According to researchers who were conducting Britain’s COVID-19 vaccine trials, saline injections don’t cause a sore arm. That the saline injection doesn’t produce this specific side effect is problematic and could lead to compromised results when it comes to producing another possible COVID-19 vaccine. Someone participating in the trial might pick up on the lack of sore arm. This might tell them what group they’re in, which could then alter their thinking, their actions, and the overall results of the trial. Such an outcome would be adverse and detrimental to the goal of producing another effective COVID-19 vaccine.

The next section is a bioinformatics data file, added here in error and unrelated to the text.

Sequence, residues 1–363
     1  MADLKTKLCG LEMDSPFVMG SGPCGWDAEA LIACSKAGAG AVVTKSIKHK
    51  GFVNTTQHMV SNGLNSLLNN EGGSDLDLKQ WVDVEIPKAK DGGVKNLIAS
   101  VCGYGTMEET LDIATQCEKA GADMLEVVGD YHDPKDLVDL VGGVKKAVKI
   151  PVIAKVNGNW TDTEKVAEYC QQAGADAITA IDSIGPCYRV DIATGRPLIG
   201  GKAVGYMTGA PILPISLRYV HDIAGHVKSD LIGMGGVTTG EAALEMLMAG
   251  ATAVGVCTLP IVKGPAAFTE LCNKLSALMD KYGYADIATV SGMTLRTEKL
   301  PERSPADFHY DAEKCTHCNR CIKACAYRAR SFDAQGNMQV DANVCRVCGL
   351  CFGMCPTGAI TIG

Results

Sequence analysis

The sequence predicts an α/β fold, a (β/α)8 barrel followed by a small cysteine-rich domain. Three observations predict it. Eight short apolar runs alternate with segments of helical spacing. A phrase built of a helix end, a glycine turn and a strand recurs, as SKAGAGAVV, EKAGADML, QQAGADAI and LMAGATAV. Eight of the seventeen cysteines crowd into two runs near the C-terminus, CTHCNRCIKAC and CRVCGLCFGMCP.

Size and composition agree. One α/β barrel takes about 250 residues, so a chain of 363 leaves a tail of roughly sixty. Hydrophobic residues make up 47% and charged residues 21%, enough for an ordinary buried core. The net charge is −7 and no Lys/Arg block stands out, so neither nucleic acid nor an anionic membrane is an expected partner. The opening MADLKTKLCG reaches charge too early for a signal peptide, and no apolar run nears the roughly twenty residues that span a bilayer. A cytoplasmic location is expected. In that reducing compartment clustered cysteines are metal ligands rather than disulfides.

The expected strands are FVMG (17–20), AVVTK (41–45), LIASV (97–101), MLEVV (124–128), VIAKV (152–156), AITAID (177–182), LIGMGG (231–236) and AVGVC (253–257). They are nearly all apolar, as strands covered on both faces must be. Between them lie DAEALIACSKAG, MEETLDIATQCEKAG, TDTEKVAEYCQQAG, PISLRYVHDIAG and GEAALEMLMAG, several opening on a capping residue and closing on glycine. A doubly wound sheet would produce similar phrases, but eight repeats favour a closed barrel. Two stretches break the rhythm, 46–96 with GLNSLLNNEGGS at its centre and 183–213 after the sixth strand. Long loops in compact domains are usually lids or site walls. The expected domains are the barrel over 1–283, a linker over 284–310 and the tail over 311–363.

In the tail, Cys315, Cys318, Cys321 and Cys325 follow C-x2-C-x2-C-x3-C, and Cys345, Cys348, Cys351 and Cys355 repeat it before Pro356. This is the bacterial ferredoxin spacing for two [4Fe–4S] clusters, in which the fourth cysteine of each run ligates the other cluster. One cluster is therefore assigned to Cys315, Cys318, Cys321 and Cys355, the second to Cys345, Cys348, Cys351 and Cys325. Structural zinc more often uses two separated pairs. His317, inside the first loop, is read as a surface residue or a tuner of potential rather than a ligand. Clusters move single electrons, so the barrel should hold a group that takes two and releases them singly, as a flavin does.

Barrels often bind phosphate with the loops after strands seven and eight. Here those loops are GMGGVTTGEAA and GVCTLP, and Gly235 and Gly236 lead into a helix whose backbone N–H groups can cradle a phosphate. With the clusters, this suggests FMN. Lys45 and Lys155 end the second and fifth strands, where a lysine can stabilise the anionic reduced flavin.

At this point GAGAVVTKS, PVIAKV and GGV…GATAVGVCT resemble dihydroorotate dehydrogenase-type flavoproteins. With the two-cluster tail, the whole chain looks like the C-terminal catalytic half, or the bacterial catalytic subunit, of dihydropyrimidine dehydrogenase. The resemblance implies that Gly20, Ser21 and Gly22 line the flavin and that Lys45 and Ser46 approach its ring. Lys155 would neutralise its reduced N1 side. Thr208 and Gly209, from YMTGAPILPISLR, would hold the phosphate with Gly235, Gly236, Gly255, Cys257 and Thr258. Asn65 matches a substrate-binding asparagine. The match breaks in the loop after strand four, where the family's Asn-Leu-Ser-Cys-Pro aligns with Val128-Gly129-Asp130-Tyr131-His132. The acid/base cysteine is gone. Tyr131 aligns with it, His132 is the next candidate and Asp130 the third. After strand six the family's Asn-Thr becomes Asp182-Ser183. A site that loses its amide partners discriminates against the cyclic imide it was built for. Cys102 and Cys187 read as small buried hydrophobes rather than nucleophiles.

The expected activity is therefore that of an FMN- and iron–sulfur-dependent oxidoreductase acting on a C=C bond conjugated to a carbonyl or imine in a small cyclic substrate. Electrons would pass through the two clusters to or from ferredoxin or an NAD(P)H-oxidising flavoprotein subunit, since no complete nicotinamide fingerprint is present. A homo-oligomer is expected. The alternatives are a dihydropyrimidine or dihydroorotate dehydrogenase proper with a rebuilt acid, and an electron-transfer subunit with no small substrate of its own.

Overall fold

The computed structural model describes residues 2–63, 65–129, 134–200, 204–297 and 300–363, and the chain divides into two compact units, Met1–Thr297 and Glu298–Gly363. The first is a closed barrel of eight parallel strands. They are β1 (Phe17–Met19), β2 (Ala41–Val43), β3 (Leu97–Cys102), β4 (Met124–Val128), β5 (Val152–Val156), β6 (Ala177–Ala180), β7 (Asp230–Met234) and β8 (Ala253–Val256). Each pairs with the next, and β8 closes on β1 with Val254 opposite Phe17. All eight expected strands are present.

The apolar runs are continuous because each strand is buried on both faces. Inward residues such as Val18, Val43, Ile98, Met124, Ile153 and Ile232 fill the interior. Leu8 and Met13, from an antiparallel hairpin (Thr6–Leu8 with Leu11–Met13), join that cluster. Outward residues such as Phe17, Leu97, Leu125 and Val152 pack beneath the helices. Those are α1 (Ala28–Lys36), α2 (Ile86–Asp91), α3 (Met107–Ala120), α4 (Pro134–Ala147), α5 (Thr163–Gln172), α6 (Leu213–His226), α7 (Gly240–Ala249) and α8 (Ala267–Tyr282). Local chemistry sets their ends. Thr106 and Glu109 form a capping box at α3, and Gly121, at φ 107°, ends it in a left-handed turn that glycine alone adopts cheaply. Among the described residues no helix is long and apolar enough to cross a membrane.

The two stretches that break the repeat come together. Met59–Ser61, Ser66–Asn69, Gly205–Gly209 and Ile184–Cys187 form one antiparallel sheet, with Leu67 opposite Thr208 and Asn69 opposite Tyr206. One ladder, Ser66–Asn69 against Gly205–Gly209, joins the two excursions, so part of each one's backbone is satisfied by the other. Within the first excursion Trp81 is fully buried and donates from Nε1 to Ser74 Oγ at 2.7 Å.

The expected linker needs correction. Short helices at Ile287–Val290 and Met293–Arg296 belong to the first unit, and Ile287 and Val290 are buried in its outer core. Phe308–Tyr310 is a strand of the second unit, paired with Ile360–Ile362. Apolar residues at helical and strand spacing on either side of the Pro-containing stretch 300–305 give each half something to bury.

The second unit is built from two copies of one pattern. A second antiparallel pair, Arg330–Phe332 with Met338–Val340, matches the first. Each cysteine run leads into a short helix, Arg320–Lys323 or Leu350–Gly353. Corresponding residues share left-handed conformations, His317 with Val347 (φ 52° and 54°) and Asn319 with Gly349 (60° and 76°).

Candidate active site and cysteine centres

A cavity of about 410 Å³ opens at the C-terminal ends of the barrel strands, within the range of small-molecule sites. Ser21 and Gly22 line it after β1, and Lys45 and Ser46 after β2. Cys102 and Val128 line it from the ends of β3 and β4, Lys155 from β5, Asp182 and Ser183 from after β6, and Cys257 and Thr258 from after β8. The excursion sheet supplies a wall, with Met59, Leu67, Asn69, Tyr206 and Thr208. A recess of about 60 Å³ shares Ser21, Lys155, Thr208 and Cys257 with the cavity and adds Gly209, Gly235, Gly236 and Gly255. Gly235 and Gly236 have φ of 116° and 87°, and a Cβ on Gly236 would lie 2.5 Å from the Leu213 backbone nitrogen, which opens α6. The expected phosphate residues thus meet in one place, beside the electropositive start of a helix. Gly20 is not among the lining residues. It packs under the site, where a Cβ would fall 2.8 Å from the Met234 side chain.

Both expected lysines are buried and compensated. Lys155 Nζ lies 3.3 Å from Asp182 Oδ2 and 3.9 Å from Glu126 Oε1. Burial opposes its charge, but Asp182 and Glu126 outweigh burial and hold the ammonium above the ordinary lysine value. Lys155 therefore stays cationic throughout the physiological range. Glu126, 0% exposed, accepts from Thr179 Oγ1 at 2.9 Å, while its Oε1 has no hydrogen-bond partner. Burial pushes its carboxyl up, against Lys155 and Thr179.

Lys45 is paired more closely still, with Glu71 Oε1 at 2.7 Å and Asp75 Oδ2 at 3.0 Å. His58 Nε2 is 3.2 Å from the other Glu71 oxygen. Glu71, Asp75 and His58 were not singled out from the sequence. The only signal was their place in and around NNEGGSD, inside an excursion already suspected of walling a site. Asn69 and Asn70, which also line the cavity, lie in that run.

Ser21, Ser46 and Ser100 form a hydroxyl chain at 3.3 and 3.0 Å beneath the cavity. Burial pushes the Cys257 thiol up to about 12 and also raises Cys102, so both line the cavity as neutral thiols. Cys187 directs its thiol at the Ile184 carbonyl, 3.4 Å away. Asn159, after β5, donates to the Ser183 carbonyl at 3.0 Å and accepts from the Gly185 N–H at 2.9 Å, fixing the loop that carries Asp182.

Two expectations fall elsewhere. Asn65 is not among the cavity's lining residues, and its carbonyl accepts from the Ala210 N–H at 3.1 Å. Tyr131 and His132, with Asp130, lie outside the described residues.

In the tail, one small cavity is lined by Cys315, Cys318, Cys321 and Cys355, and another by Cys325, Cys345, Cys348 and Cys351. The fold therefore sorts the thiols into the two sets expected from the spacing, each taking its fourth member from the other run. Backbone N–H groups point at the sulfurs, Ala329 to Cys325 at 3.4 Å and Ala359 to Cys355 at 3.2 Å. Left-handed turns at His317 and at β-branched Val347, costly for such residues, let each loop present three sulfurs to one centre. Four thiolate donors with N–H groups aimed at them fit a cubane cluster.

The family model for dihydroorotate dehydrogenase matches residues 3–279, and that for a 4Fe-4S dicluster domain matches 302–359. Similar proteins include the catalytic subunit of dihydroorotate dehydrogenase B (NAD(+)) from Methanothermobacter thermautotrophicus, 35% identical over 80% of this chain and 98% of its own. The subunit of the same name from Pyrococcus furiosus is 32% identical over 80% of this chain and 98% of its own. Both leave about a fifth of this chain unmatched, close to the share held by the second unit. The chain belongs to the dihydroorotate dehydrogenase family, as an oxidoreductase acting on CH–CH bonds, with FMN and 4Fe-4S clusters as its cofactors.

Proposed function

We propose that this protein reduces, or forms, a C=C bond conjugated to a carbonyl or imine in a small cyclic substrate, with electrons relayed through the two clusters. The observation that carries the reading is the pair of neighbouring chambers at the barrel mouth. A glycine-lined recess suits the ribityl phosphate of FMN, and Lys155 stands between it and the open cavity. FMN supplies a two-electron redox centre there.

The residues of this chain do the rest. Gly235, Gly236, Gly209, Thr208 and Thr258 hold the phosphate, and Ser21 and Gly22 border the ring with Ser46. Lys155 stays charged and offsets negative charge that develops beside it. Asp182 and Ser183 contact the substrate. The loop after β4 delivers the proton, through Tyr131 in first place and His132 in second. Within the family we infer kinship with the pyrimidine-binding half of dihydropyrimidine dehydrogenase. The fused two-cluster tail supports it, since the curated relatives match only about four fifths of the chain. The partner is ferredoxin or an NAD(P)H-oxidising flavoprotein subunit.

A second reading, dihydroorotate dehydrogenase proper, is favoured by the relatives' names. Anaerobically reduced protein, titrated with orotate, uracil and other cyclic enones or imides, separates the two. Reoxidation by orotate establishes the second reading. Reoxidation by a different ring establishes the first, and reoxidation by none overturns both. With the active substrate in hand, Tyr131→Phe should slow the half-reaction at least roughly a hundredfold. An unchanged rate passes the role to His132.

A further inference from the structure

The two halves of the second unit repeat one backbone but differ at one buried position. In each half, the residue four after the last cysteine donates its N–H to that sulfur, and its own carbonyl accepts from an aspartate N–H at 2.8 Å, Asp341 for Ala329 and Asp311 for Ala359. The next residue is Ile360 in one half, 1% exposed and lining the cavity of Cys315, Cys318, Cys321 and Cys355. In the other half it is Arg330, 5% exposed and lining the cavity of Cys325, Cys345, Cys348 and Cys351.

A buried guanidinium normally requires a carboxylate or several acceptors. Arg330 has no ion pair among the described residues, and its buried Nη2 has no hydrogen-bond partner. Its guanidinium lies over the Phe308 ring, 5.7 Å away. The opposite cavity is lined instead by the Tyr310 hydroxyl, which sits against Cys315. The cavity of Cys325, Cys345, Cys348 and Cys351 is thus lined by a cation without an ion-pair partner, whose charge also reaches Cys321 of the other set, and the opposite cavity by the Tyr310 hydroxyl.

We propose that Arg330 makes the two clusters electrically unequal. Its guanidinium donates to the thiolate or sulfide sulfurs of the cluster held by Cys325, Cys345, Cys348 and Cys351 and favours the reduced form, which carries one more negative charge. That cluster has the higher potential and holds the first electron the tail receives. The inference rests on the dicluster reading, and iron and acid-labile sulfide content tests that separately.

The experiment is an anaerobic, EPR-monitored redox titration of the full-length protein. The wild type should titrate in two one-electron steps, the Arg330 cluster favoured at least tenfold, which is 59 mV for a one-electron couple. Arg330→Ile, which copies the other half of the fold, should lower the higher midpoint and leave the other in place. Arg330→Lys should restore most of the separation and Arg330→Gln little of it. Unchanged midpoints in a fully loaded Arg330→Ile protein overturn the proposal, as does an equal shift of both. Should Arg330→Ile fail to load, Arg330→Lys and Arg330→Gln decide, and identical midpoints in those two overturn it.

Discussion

Since placebo saline injections don’t produce the same side effects as the actual vaccine, some researchers used a different placebo. At the University of Oxford, researches used a meningitis and septicemia vaccine for a placebo. This vaccine created similar side effects, making it less likely that the subject would have figured out that they’re in the placebo group.
As for other side effects, these are likely to vary significantly. They’ll depend on the person, their body, and their health. Indeed, people who have participated in the various vaccine trials—and don’t know for sure whether they received the vaccine, a saline placebo, or an alternate placebo—have reported body aches, headaches, fever, general discomfort, and exhaustion.